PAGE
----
KCBS In Depth: Bay Area Architecture and Urban Design
SAN FRANCISCO (KCBS) — Some of San Francisco’s best buildings and parks have gone up in the last 10 years, according to John King, urban design reporter for the San Francisco Chronicle. His weekly ‘Cityscape’ column has been running since 2009 and he has a new book, Cityscape-San Francisco and its Buildings.
From aesthetic to functionality the argument of old architecture versus new buildings is still debatable, but the shift of employment is showing that job growth in the Silicon Valley is drawing more tech-based campuses to the South Bay.
KCBS interviews John King, SF Chronicle Urban Design reporter:
However, San Francisco is taking note of the modern strategies, including what designers call “experience economy”, listening to what employees want and designing new buildings in the vain of other Google and Yahoo.
“People don’t want to be locked into a cubicle for eight hours anymore. People would rather have a campus that flows back and forth. People want a sense of presence,” said King.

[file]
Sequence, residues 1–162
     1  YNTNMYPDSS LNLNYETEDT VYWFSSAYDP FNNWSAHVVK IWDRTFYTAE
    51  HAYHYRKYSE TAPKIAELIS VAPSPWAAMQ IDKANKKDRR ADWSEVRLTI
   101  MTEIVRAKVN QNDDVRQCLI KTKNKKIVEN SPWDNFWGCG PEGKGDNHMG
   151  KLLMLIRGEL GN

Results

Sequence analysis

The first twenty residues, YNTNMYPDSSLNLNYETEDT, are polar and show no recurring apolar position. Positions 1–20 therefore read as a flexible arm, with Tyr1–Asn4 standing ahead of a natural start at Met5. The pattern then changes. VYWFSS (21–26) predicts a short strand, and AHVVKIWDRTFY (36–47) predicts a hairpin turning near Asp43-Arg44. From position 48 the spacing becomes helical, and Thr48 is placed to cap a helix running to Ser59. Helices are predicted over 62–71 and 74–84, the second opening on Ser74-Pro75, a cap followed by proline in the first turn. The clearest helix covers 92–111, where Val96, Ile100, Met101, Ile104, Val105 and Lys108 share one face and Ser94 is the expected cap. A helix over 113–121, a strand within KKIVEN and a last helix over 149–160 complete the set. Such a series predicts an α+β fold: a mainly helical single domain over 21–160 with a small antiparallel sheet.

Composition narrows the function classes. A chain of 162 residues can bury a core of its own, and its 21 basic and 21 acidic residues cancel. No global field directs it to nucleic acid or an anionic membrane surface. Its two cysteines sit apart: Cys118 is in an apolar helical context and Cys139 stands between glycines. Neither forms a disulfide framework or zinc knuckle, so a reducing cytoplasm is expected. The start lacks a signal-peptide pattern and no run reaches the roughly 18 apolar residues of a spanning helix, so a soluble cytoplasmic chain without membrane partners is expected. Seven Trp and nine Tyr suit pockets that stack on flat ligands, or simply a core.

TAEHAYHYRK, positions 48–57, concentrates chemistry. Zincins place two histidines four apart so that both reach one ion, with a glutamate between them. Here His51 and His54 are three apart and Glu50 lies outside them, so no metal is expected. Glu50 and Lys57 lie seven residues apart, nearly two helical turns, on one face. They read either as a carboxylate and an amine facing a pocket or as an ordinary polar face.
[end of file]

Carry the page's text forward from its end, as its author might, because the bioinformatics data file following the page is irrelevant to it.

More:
Google, in fact, does have a San Francisco office and now Twitter plans on moving to a blighted stretch of Market Street. King added that Sales Force plans on developing a 12-acre campus in the UCSF Mission Bay Area.
San Francisco’s AT&T Park was the first new building or structure since the Golden Gate Bridge that was loved by the masses according to King.
“It allows for a real community in an area that was once devoid of people,” said King.
As for the job boom in the South Bay, King said San Francisco will never be the economic center of the region again. It used to be considered the “corporate center of the west coast” according to King, but he said the city has maintained the same number of workers in its downtown that it had 20 years ago.
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